This course addresses assessment and evaluation as the means for informing special education disability decisions as well as instructional decisions. The candidate will learn and practice multiple ways of assessing students. These include informal assessment, progress monitoring, formal evaluations, and standardized achievement tests. Candidate will learn to write formal reports that emphasize proper administration of assessments and ethical complications of the evaluation process to synthesize all that data to create a cohesive picture of the student’s standing, and continue to use the appropriate assessment tools to generate the information needed to make curricular and program decisions.
Candidates will gain knowledge and skills in writing effective, compliant Individualized Education Programs (IEPs) and acquire communication and collaboration strategies to facilitate IEP meetings and interactions with families. Candidates will identify key issues that could lead to litigation. Course content includes communication, organization, compliance and administrative management.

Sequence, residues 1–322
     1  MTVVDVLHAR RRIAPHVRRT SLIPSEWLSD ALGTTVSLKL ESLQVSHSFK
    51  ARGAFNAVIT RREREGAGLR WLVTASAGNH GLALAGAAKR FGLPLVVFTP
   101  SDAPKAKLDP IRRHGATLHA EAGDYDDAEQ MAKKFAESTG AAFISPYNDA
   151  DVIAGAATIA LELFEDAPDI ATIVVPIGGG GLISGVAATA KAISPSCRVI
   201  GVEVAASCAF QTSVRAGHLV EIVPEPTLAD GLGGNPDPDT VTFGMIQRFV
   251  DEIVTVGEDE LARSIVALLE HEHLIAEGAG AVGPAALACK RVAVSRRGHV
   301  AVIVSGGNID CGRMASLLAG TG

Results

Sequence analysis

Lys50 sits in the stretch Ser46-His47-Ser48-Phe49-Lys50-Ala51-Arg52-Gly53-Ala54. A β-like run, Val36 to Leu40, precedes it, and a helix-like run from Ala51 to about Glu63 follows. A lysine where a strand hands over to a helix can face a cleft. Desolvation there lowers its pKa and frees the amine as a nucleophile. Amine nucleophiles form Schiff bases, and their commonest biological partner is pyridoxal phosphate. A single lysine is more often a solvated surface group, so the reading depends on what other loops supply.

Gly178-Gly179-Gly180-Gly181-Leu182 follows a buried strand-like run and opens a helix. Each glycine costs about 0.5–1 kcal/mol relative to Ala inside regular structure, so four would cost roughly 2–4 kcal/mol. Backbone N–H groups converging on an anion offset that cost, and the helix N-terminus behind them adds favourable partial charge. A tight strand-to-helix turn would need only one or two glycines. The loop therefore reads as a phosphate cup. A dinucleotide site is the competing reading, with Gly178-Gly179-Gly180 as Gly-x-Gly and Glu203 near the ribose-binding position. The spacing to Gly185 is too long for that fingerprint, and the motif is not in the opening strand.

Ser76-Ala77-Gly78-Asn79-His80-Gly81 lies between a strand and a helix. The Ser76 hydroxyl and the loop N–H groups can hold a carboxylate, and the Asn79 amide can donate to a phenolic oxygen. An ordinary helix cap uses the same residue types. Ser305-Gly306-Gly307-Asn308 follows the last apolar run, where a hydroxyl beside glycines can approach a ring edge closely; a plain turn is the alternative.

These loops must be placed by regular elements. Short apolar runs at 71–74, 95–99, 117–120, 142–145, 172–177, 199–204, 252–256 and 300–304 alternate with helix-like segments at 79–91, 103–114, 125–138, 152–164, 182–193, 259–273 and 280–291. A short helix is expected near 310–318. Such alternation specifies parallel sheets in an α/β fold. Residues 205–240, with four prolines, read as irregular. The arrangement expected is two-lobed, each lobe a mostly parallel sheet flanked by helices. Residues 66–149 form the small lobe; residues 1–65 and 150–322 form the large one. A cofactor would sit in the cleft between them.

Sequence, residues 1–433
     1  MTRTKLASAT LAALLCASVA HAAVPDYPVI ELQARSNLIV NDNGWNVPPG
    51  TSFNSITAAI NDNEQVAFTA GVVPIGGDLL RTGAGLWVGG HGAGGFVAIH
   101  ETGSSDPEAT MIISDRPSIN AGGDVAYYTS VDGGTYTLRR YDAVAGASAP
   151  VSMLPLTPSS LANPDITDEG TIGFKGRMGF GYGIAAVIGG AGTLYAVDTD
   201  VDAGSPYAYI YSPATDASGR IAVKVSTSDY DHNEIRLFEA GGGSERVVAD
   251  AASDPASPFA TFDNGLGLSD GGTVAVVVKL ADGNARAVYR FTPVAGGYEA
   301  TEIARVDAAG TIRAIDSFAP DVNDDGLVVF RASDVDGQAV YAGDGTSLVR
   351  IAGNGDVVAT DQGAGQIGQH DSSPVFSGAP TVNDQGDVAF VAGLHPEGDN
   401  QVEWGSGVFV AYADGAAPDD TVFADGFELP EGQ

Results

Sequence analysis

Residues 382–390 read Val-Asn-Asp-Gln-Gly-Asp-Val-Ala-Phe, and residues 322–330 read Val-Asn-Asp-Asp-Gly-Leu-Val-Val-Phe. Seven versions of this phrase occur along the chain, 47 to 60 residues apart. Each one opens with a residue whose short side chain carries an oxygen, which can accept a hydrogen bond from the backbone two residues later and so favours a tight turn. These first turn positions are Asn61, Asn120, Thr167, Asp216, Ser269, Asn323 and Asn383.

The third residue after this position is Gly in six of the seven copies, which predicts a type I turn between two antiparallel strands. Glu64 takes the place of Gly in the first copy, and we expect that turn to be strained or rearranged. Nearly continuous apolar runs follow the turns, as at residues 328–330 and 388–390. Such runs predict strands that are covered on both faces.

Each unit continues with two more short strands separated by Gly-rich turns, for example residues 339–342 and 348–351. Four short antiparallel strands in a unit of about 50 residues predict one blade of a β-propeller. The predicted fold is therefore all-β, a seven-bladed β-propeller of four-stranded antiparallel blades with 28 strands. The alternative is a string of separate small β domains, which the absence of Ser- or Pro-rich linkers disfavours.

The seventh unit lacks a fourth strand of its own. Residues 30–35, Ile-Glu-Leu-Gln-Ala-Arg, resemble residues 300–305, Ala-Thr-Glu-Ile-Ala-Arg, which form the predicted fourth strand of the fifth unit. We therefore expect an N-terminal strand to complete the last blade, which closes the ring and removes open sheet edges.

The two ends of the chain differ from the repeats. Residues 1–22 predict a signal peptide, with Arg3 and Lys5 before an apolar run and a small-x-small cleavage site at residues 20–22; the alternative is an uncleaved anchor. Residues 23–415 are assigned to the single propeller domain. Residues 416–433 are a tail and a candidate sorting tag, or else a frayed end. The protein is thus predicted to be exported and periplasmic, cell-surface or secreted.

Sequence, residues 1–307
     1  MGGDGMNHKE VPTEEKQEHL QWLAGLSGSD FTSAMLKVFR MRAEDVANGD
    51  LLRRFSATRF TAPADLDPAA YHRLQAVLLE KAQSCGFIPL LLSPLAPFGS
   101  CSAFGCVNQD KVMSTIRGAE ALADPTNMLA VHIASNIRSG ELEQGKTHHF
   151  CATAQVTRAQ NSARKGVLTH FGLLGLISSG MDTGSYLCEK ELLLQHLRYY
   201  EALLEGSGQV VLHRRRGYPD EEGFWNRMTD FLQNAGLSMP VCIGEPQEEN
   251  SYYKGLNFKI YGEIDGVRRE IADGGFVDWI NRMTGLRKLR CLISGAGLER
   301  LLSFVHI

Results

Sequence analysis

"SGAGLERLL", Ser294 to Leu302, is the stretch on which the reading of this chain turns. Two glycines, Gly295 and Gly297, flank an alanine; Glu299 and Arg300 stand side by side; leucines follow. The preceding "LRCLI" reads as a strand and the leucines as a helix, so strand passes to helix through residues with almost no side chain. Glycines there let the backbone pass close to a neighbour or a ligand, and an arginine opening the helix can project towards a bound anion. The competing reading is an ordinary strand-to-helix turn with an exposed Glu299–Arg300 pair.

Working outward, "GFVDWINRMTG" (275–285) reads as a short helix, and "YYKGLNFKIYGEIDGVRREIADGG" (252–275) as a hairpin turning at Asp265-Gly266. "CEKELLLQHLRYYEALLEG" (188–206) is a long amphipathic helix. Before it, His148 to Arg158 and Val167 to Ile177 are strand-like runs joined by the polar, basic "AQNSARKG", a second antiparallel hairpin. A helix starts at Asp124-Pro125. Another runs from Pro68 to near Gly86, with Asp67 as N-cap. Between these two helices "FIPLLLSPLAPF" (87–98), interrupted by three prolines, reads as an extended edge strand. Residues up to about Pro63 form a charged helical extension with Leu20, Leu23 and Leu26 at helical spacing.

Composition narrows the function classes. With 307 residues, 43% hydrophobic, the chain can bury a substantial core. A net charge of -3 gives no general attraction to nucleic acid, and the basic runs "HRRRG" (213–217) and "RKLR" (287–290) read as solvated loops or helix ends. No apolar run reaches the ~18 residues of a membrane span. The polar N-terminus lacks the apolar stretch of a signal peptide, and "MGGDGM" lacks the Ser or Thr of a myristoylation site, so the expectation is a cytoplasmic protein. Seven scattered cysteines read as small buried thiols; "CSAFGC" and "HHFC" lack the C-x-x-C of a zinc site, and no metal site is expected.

This course will focus on preparation of candidates to work with students who demonstrate significant emotional/behavioral, trauma, and fetal alcohol/drug issues and use interventions that are research-based. Candidates are instructed on the methods of behavior analysis and accommodation strategies to include development of behavior support plans.